In the 1950s an extension was added to the back of the house in perfect keeping with the origins and various extensions over the centuries. Today this works well as a separate annexe with independent external access. In addition to the sitting room, kitchen, two bedrooms and bathroom provided on the groundfloor of the annexe, is a splendid music room on the first floor and at 35’ by 15’, it is large enough to house two grand pianosand a small musical ensemble. The music room is double aspect with lovely views across the Oxfordshire Downs from the balcony and wide bay windows fitted with oak window seats.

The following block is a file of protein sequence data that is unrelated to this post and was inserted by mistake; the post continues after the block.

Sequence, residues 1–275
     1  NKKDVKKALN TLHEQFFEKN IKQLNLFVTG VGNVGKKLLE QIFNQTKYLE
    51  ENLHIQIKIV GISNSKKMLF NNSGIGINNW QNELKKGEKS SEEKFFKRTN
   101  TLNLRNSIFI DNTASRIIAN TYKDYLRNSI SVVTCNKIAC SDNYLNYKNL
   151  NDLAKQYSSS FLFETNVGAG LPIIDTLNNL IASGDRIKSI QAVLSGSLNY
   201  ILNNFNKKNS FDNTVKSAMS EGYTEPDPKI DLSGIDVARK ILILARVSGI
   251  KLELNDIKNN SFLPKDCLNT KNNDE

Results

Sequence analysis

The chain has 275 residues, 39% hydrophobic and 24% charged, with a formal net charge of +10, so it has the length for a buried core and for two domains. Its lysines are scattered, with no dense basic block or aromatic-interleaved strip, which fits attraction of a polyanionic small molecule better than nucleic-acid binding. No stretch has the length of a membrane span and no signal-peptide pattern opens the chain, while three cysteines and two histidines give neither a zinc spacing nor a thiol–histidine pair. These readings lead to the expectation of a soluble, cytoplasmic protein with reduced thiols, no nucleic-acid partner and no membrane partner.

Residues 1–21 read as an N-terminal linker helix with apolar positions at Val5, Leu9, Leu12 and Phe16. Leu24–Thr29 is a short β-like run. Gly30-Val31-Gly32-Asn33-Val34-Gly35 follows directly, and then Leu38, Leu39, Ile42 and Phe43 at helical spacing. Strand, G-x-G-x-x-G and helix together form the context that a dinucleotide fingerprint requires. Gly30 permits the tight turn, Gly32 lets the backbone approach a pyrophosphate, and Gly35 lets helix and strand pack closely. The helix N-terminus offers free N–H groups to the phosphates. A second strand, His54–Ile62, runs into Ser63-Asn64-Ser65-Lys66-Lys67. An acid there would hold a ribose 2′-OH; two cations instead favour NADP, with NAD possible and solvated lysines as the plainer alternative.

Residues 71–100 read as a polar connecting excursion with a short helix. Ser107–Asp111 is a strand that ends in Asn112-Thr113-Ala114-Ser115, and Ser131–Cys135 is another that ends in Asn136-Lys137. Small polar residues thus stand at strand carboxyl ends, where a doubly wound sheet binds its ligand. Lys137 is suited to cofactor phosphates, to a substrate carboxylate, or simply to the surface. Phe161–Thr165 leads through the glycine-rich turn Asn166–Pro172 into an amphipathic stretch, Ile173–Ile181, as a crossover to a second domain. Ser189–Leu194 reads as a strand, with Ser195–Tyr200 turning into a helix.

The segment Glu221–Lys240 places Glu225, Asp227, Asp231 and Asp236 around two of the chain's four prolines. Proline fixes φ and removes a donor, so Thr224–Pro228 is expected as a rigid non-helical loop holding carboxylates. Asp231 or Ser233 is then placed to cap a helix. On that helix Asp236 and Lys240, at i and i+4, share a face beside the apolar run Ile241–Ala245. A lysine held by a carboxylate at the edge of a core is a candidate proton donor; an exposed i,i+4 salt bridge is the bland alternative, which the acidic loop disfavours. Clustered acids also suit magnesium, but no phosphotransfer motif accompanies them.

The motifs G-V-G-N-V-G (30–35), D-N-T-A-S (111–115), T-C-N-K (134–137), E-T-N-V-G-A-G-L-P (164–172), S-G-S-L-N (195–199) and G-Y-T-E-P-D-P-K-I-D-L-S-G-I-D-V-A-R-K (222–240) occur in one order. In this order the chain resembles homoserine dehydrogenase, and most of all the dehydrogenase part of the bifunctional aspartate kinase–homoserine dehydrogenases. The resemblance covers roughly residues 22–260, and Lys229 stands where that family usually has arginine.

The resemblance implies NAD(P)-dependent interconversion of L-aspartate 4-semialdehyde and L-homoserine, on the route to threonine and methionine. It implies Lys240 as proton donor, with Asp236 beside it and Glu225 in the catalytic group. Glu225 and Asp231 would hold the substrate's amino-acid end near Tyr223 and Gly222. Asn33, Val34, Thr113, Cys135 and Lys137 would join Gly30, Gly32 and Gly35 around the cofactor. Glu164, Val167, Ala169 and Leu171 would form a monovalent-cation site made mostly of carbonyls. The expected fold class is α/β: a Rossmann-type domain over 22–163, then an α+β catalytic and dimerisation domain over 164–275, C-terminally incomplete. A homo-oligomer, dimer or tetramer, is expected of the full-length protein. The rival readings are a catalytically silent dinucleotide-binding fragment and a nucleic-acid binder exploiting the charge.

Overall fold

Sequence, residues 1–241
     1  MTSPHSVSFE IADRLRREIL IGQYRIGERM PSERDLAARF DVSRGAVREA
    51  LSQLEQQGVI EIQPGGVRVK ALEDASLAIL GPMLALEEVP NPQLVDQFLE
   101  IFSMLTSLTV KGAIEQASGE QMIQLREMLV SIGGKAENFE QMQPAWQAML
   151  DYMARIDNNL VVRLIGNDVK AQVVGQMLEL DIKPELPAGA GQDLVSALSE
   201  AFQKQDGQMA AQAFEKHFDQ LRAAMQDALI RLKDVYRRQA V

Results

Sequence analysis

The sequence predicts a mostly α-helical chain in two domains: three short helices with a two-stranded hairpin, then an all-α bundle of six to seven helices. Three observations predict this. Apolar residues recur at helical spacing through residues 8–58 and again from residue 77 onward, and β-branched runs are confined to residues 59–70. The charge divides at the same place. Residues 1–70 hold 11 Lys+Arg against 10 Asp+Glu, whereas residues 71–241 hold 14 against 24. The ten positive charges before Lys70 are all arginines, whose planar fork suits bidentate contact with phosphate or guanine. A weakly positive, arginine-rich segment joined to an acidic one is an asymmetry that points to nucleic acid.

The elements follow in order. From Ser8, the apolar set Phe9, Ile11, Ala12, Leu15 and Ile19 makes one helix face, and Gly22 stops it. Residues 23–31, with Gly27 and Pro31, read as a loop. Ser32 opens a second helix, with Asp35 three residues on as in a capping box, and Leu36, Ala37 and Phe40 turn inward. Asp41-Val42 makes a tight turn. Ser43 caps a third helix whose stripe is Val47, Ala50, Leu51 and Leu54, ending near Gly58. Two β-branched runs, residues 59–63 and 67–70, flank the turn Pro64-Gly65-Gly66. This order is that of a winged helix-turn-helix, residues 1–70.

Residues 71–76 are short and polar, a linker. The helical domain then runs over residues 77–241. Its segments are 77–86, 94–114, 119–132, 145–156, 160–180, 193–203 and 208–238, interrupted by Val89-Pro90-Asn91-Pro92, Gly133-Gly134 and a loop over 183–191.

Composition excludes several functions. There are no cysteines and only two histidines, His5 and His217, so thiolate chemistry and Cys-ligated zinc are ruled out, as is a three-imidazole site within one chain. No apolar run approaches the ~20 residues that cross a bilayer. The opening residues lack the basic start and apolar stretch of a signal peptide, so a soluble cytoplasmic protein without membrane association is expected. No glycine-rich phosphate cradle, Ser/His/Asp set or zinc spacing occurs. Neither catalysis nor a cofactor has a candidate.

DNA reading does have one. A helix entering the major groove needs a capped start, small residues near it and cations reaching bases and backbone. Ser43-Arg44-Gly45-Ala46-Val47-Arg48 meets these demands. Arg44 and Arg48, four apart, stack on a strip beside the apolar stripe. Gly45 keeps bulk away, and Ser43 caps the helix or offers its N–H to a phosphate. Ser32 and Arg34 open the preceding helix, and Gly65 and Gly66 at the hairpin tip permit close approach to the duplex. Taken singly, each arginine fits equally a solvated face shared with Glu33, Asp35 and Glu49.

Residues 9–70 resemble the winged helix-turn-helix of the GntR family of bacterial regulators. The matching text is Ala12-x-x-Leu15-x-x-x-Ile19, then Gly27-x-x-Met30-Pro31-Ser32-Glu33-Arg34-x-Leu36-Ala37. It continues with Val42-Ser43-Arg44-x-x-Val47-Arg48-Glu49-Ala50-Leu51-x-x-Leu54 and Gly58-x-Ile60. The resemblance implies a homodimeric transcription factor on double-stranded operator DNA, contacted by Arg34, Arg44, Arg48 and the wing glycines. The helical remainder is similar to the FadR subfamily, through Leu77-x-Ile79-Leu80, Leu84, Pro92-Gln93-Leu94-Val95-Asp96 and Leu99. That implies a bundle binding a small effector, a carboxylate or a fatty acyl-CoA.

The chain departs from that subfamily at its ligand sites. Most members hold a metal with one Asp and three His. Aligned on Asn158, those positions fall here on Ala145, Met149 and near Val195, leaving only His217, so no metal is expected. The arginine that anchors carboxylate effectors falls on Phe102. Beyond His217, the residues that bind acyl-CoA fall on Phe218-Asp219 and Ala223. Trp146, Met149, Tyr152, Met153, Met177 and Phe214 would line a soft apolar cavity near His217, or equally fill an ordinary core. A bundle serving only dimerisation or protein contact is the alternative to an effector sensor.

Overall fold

Returning to the main reception hall, the stairs climb to the half landing where the current master bedroom, steeped in history, is found. It is oak-panelled, has a wagon ceiling and a Tudor fireplace. A bathroom and a dressing room adjoin. Next to this master bedroom is the single bedroom. Climbing the stairs to the first floor landing in the Georgian section of the main house, there are two further bedrooms. Both have fireplaces and are beautifully light and airy thanks to tall sash windows and high ceilings. A family bathroom serves these three bedrooms. The second floor is currently configured for use as an independent flat. It has two bedrooms, one of which serves as a living room, a kitchen and a bathroom.

The Cottage